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Archos GamePad review

We review the Archos GamePad, a dedicated Android gaming device. Does it offer more than the likes of OUYA or a simple Nexus 7? Read on to find out.

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Android is a flexible operating system and in a way it is surprising to see it largely restricted to phones and tablets. Then again, when it does break out of the standard mold, things can go wrong.

The Archos GamePad is a case in point. Archos is a dark horse of the Android world. It has been producing tablet based devices for a very long time and its history in the portable music sector is the stuff of legend. But its GamePad might just be something Archos wishes it had never brought to market.

There is nothing wrong with the basic idea. Take an Android tablet, give it a fast processor and a great screen, and give it really good sound output. Equip it with controls that are appropriate to handheld gaming and Bob’s your uncle.

Sadly the basic idea has somewhat eluded Archos. The GamePad might look like a great handheld gaming device, but the reality doesn’t stack up.

Let’s start with the screen. A 7-inch screen sounds just about right for some serious gaming. It’s not too big to be unwieldy to hold, but large enough that you’re not going to need to squint at the screen.

However the screen quality is not great. At 1024 x 600 pixels it is far from leading edge. The colours look a bit washed out and while the screen delivers OK for gameplay it isn’t what we’d call top notch.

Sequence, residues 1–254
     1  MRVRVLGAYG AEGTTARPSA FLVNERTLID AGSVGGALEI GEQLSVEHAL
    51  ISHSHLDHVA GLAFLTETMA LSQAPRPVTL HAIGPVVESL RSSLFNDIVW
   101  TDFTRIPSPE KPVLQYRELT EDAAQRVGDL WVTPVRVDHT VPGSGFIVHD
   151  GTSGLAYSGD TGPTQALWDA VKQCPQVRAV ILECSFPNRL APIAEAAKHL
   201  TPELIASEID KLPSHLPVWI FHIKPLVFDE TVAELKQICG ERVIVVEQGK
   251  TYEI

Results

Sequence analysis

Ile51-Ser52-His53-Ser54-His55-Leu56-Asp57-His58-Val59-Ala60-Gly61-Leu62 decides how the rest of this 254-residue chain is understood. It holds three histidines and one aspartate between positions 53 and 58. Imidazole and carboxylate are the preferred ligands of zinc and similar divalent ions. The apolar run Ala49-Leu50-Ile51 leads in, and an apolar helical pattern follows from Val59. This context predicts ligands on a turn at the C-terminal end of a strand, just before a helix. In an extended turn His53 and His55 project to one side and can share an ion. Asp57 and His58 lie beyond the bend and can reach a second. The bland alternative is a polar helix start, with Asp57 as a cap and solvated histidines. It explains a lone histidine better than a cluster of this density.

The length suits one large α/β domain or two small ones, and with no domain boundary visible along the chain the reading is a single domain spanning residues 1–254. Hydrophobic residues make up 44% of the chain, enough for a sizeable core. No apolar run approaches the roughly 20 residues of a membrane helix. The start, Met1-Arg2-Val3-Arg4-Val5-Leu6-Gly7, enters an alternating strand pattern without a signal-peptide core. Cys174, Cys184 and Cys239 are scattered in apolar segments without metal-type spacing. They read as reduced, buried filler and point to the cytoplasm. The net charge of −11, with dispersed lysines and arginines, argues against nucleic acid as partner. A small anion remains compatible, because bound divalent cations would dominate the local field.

Sound isn’t great either. There are two speakers either side of the screen, well positioned to punch out sound, but the quality is average and quite tinny at times.

Along the short edges of the GamePad is a huge array of controller buttons. As well as four buttons on each side you’ve got a D-Pad and L2 and R2 buttons as well as two smaller buttons for Select on the left and Start on the right. There is also a pair of shoulder buttons.

There’s a smart button mapping utility that lets you map touchscreen controls onto buttons so you can set things up how you like them. In theory this is a great idea, and when it works well it is good.

But a lot of Android games are designed for touch screen controls and the buttons just don’t map on to a screen sweep. Nor is the D pad very good for arc type actions. Sometime, then, you still need to touch the screen either because it is more convenient, or because you just have to.

Get beyond that and the buttons themselves aren’t actually all that great. They just don’t feel as responsive as they should. They’re probably OK for casual gaming, but if you are a serious player then you may well get frustrated.

Smaller hands will find using the D-Pad and shoulder button on the same side of the GamePad a challenge too just in terms of being able to reach them both at the same time.

The build is plastic throughout and the chassis can creak a bit. We’re sure it is tough enough, but there’s no getting away from the fact that the GamePad’s looks are more on the budget side than the premium one.

Of course the GamePad functions as a standard Android tablet too, and you get a reasonable set of specifications. Android 4.1, a dual-core 1.6GHz processor supported by 1GB of RAM, 8GB of on board memory and a microSD card slot, HDMI, a front camera (but not back facing main camera), and Bluetooth and Wi-Fi if course.

For the money that’s not a bad set of standard specifications, though the obvious competitor the Google Nexus 7 isn’t so much more expensive. But the GamePad isn’t sold as a standard Android tablet, but one with a specialism. And it doesn’t do that specialism very well. To add to its woes, there are some higher end games that it can’t cope with at all.

Review written by Sandra Vogel

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